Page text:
Mason jars are versatile glass jars that are widely available and commonly used for food storage. They have been used for over a century, so you know they are tried and true. You can store dry goods in mason jars or you use them for canning. To use them for dry storage, just load them up with the rice, beans, sugar, or whatever you are storing up to about ½ an inch from the top and then drop in an oxygen absorber. Always use a new lid when you store food in a mason jar so you can get a good seal. Put the lid in hot water to soften the seal ring. Then pull it out and thoroughly dry it and screw it down tight on your jar.

Using jars for canning is a whole process on its own. You will want to store mason jars in a dark closet since the jars are clear and do not block light. Use sturdy shelves when storing mason jars because the weight can add up very quickly. If you use wooden shelves, you can make your mason jar storage more secure by tacking a strip to the front of your shelves to create a lip.

Even if you are not in an area that sees earthquakes often, it is best to be safe with your food storage. You don’t want to create an avalanche of mason jars on accident, and the lip can help prevent this. As another precaution to prevent broken mason jars everywhere, it is always better to build more shelves than to stack mason jars- don’t rely on those slippery glass bottoms!


3. #10 Cans

These are not your normal cans of beans- these are the big ones. They are the type that many restaurants use, so they are large portions and meant to be stacked and stored. These cans come pre-packaged from many different sources and are one of the best options for food storage. They will not shatter like glass containers and are strong and stackable. They block light, are airtight, and cannot be chewed through easily by rats. All of these attributes make them the go-to for the military. While the cans are not easily reusable, they make a great option for packing away food for long-term storage.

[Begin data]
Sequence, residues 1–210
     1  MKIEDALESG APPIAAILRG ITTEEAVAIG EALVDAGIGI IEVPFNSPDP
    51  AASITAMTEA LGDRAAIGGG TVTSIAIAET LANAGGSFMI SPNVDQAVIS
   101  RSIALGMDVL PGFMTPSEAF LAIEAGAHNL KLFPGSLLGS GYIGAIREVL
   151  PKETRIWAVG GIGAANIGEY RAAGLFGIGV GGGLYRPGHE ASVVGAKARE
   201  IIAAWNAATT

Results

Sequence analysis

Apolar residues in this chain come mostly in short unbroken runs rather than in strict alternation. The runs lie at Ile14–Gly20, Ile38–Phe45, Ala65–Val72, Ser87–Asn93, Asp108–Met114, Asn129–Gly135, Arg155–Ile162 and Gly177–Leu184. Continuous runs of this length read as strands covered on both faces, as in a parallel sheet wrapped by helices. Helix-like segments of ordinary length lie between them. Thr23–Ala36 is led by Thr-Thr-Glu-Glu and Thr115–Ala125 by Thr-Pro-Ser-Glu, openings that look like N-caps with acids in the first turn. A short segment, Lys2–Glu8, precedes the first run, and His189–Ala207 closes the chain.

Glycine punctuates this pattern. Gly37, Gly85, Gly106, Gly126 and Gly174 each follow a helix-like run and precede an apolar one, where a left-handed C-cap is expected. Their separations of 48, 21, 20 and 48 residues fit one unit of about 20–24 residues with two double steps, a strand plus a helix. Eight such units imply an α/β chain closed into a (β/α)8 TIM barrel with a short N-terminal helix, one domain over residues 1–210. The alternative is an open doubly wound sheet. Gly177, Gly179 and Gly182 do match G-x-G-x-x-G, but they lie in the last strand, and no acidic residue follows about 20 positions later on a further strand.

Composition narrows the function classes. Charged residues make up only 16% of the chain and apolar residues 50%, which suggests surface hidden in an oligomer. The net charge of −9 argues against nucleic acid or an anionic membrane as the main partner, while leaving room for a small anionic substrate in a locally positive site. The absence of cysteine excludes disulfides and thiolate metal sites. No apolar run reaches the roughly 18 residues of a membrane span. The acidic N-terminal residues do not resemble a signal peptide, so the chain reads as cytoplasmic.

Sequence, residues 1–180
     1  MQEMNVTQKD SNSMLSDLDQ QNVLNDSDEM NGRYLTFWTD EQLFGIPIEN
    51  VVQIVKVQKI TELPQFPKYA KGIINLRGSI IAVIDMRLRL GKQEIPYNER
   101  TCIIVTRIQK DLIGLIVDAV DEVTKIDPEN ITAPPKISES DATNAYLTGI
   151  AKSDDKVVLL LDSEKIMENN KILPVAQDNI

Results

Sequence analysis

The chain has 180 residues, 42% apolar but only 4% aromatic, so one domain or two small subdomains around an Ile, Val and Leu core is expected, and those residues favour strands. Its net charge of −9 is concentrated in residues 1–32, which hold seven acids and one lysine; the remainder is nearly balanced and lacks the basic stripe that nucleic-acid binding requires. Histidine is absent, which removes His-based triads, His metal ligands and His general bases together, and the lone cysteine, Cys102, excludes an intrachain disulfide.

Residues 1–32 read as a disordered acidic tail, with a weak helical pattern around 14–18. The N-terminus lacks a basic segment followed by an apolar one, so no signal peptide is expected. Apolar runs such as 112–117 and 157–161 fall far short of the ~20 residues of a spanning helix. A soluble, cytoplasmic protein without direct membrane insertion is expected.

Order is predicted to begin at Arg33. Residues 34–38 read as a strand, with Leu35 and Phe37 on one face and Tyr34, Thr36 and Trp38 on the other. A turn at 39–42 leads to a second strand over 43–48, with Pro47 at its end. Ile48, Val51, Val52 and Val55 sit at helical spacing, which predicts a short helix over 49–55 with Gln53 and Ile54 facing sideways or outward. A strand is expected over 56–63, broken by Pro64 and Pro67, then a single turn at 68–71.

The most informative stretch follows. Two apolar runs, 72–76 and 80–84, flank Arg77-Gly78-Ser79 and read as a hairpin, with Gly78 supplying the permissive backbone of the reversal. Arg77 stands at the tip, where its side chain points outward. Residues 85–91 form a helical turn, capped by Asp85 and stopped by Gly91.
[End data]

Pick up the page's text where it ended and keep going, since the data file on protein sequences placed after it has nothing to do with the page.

There is a huge variety of foods available, and most of them taste surprisingly good. One of our top reviewed long-term food storage suppliers regularly puts their #10 cans on sale, which you can usually find listed on our deals page: Survival Deals and Coupons for Preppers

If you can find a local cannery, you may be able to get the best variety for cheaper than online sources. You will also have the opportunity to make connections, ask questions, and know exactly what is going into your stores.


4. Food Grade Buckets


These are not your typical 5-gallon buckets from Home Depot. Food-grade buckets are made of a different type of plastic to prevent leaching. They cost a little more than your typical buckets but are worth it for the added safety and flavor of your food. Food storage buckets should be made with high-density polyethylene without BPAs, and be manufactured to meet NMFC, FDA, and UFC requirements. A bucket could have the triangle on the bottom with the number two and the HDPE mark, but not be food grade. This could be due to the construction method, not being able to provide a secure seal, made of reused materials, or even reused themselves after chemicals or paint. HDPE buckets are still porous and can absorb chemicals stored in them. Make sure that you purchase from a reliable source so you don’t get duped. If you do decide to get used buckets, make sure they have only been used to store food and be prepared to clean them thoroughly.

A rubber mallet is a great tool to have to seal food-grade buckets. Place the lid in its place on the filled bucket, and whack the lid into place around the perimeter of the lid. Once you have secured the lid, you can test for a good seal by picking the bucket up by the lid. The weight of the food stored is a pretty good test for whether the lid is securely attached.

You can store all sorts of foods in a food-grade bucket. Buckets also double as great survival kit items for random uses. Be aware that if you use your food-grade bucket to hold chemicals or anything that could hurt the integrity of the bucket, you shouldn’t reuse it for food again.


5. Mylar Bags w/ Oxygen Absorbers


Mylar bags are a great way to store food. Many store-bought food buckets and containers have the food inside portioned off in mylar bags. You can also buy prepackaged food in them individually at many stores. You can buy the mylar bags themselves individually or in bulk with built-in ziplock seals or without. Both bags can be closed by heat sealing them with special tools, irons, or hair straighteners. Sealing the ziplock mylar bags with heat is additional protection for your food and good practice. It never hurts to have multiple seals on your storage containers.

Oxygen absorbers are often used in mylar bags, and some people even vacuum pack them by putting a straw down the side. When the bag gets vacuum packed, the straw allows the air to escape and then it can be pulled out and sealed.